Magazine article Anglican Journal
Cradle of Christianity Proud of Heritage, Sustaining Faith (Dioceses of Central Newfoundland)
LEGEND HAS IT that in 1497 explorer John Cabot and the crew of his ship, the Matthew, weighed anchor off Bonavista, Nfld. They were astounded by the sight of the waters teeming with codfish. One merely had to lower a bucket to catch them, said the crew.
That was 500 years ago. Times have changed.
In the Diocese of Central Newfoundland, based in Gander and encompassing 70,000 sq. km, few people still fish for a living. In the 1990s, concerns over dangerously depleted cod stocks forced a moratorium on the inshore fishery throughout the province.
The aftershocks of that decision are still being felt across the province, said Bishop Edward Marsh. The moratorium has challenged every aspect of life, including church life. Attendance is up, he said, because people feel a need to turn to God for answers.
"So many have been forced to spend more time at home than on the water," said Bishop Marsh. "It's not easy for families to adjust to a way of life they have never known before." Their fathers fished, as did their fathers before them, he added. Women who were the daughters of fishermen grew up to marry fishermen. "Becoming a `hang ashore' is a hard adjustment for everyone in the household, and for the whole community."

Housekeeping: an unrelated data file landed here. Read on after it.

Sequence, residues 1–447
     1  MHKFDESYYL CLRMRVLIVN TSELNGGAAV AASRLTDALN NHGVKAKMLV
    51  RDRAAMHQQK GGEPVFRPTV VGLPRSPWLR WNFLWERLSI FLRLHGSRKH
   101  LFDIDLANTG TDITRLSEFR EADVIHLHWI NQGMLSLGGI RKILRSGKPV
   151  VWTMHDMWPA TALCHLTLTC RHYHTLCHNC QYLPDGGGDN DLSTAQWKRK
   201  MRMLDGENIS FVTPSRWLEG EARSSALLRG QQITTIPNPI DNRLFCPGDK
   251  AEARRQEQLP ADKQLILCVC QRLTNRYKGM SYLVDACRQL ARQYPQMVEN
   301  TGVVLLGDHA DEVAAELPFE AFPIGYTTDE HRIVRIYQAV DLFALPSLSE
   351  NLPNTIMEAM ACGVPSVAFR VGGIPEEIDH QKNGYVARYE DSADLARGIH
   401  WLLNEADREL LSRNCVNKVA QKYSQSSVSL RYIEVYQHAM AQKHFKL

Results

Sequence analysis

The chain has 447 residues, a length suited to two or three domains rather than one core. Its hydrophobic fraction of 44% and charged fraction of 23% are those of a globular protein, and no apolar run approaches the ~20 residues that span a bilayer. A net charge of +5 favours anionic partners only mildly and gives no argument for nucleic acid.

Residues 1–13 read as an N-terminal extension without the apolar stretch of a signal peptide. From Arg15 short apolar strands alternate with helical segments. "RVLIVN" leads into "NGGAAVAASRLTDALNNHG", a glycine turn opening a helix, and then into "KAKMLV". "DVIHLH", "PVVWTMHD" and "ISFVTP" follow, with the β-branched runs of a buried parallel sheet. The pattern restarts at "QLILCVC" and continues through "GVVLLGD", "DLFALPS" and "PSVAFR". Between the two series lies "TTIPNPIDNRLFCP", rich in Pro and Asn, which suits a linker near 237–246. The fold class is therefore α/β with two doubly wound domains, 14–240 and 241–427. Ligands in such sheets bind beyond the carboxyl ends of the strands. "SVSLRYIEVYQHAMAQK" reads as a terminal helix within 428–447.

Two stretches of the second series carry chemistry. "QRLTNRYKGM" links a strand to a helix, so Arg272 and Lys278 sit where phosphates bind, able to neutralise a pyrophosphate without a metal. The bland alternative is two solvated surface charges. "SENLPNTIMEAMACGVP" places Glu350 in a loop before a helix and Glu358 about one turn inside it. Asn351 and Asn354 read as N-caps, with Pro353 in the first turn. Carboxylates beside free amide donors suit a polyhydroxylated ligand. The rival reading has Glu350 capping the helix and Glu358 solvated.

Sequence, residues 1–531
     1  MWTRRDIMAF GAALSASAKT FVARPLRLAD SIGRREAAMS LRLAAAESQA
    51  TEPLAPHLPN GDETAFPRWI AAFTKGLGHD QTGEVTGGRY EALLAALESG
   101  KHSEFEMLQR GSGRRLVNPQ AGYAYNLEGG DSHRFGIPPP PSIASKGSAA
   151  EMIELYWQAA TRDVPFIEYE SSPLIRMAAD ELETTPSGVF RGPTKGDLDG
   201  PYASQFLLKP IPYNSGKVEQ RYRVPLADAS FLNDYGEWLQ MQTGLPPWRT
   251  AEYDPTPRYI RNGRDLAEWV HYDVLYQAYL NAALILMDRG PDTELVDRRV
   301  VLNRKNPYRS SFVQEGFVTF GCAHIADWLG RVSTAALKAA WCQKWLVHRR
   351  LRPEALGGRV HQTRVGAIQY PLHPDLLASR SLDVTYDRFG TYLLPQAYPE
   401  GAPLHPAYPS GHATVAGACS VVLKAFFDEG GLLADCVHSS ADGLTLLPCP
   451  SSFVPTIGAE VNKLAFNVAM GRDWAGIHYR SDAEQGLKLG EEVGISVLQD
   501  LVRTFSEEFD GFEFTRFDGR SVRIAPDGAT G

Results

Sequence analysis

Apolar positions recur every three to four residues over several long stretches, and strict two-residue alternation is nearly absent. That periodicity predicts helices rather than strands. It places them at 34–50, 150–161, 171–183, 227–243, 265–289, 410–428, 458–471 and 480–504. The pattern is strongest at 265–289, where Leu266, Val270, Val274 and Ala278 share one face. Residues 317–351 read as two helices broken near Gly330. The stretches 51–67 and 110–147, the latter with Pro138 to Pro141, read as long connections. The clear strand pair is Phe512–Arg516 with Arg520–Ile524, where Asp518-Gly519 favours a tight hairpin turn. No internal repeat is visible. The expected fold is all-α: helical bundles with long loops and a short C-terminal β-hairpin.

Formed in 1976, the Diocese of Central Newfoundland has an Anglican population of about 34,000, scattered in 31 parishes along the coastline. Though Anglican churches have been an integral part of life in the province for more than 200 years, they have only been part of the Canadian Anglican Church since 1949, when Newfoundland joined Confederation.
Central Newfoundland is justifiably proud of both its heritage and the fact that it is rightly considered the cradle of Christian faith in North America. The Anglican Church of St. Paul's in Trinity is among the oldest churches in the country. The beloved Anglican hymn, We Love the Place O God, was written for St. Paul's.
In churches that dot the coastline, people who lived in isolated communities and risked their lives to make a living on the sea, found an unshakable faith in God. That same faith is undergoing a renewal, said Bishop Marsh.
"There has been a strong emphasis on renewal, and it might be because we are going through some hard times. When you are relying on God to reap the bounty of the sea and then discover there is no more bounty, you look to God for answers," he said. …